Work at the Fund came to emphasize, to a much greater extent than previously, the structural aspects of economics. The rationale for this shift was the dawning realization that the problems of poor countries were not simply due to a sudden drop in export prices or short-sighted fiscal mismanagement, but rather reflected deep-rooted problems in labor, product and especially financial markets, and also failures of governance. At the same time, the exponential growth in international capital flows required the Fund to work out policies for countries plagued by capital flight. When the Fund was created, most countries controlled external capital flows, which were small. Capital market liberalization has been a mixed blessing.

As a young economist, I spent a lot of time in poor countries, especially African countries, where much of our work centered on simply determining what had happened. Fund missions would effectively construct the accounts of the banking system and a statement of the government's financial operations. In a country like Canada, this information is available on the internet. Somewhat more rewarding were the technical assistance missions on tax policy and other fiscal issues in which I participated. Eventually, when I obtained promotion to the Fund's senior staff, which I had so coveted, I was leading TA missions on issues like public pension reform and social expenditure and safety net issues to countries in South America, Central Europe, and Africa. I regret to say that not all of these missions were well conceived, although some were obviously appreciated.

To give an idea of the difficulty in some countries of simply determining what was happening there, consider the case of the Democratic Republic of the Congo (or Zaire as it was then named) under  Mobuto.  I was charged with putting together a facsimile of the central government's budget. To do so, I spent several days shuttling between the Finance Ministry and the Central Bank, trying simply to obtain an estimate of total revenue, and then inferring expenditure from government financing. I was proud of my efforts, but they suffered from one minor deficiency: they ignored the huge sums that Mobuto skimmed off the top of the operations of the mining company that was responsible for most of the country's exports.

Some years later, I was the budget expert on the Pakistan team. I met routinely with a fairly senior person, a man about my age. (In each sector of the economy, there is usually one soul who is said to "know the numbers." I think we developed a cordial relationship in the course of my several visits to Islamabad, although one day when I popped into his office unannounced, he said: "Oh, it is you! It is just as well that I have just said my prayers." Still, when he came to Washington on a training course, he and his wife invited me to lunch at his apartment and served me a delicious meal, one as good as the lunch that the mission enjoyed when we visited an army garrison at the Khyber pass.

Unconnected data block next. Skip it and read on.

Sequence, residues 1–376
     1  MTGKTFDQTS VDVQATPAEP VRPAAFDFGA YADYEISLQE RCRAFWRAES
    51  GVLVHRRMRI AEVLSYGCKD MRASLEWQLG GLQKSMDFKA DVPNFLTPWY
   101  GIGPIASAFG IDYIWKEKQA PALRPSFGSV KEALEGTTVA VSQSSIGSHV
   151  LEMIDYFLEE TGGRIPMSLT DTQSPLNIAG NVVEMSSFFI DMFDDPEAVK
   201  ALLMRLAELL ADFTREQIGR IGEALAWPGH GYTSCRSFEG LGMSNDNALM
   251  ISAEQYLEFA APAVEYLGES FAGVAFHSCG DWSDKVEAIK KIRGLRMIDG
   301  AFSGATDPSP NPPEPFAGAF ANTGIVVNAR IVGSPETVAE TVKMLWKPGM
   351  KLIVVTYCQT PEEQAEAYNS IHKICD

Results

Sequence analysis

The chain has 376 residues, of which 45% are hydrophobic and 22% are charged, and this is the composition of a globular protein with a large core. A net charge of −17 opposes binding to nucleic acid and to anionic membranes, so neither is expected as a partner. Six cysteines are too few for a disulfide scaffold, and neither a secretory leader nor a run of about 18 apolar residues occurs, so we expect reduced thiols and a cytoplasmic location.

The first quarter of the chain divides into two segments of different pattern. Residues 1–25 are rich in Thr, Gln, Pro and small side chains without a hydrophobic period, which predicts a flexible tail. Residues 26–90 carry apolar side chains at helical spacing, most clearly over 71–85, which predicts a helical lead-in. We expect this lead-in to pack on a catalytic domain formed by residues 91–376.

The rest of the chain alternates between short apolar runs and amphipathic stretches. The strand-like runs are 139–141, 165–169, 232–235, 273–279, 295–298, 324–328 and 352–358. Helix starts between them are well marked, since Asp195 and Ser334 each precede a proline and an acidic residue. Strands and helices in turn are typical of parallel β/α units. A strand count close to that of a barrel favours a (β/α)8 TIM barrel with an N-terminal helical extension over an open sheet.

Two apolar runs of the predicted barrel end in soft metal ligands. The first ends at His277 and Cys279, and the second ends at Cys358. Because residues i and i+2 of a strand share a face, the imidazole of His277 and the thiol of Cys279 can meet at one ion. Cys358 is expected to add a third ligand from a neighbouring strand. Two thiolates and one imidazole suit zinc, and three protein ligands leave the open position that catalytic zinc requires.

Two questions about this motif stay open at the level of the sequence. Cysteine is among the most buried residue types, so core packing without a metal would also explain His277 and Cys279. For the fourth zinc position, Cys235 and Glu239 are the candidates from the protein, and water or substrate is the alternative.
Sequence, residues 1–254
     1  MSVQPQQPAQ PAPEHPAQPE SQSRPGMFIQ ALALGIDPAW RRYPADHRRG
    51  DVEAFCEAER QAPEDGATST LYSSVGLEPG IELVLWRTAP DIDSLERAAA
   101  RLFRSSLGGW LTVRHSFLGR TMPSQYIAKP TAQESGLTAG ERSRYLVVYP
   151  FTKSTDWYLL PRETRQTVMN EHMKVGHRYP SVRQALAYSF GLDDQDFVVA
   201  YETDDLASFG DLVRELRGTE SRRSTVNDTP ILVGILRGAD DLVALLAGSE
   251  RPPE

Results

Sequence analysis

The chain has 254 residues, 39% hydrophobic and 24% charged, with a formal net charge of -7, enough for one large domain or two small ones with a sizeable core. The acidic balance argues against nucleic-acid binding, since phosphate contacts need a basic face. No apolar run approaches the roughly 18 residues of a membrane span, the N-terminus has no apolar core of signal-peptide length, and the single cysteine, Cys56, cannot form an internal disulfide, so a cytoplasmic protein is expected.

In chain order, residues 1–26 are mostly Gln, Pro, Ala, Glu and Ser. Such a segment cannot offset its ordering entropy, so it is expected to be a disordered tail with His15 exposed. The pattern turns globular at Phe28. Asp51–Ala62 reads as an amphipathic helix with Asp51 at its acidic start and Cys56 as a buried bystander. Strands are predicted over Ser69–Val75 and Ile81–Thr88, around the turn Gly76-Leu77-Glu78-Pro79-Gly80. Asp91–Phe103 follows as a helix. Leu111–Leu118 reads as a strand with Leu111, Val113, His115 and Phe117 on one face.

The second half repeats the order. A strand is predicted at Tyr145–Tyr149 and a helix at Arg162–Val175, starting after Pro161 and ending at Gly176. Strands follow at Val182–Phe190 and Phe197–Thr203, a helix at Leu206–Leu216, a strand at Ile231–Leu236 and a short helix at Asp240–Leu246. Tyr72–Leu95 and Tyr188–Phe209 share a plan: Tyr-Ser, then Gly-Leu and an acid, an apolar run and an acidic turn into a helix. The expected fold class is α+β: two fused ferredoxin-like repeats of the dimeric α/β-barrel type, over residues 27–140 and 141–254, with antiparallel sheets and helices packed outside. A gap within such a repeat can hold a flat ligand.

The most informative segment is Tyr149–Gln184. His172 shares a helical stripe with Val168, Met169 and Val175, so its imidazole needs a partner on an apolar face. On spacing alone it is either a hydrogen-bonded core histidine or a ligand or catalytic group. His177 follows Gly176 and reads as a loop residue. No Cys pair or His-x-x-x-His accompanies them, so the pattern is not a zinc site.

Work at the Fund required speedy drafting. I eventually developed the knack for it, in part because as head of a division I was in charge of teams of economists who prepared commentaries on the Fund's financial programs with its member countries at short notice. I came to relish the infrequent opportunities I enjoyed to write about general policy issues. I was lucky enough to spend a sabbatical year at the Urban Institute, a well-known Washington think tank in 2001-2002, where I wrote papers that were the basis of my first book, Annuity Markets and Pension Reform. My interest in pensions and related subjects developed when I studied the introduction of individual accounts in Chile's pension system.

Having left the Fund a few years ago, I began to lecture on fiscal policy and public economics at the University of California's Washington Center, and started a second book,The Decline of the Traditional Pension, which was published in June 2010. I then joined the staff of the Public Policy Institute of AARP (the lobby for older Americans) where I conduct a program of research on pension issues. I continue to teach at UCWC, my current course being on money, banking and financial markets.

My wife, daughter and I live in a lovely part of the District of Columbia not far from the Maryland boundary, but our neighborhood has not been spared the crime that Canadians associate with the largest American cities. For all that, Washington has for us been a great place to live, although the "buzz" that fills the DC atmosphere can leave one longing for a somewhat quieter life.

I invite Dalhousie economics students to e-mail me at if they would like to discuss career issues.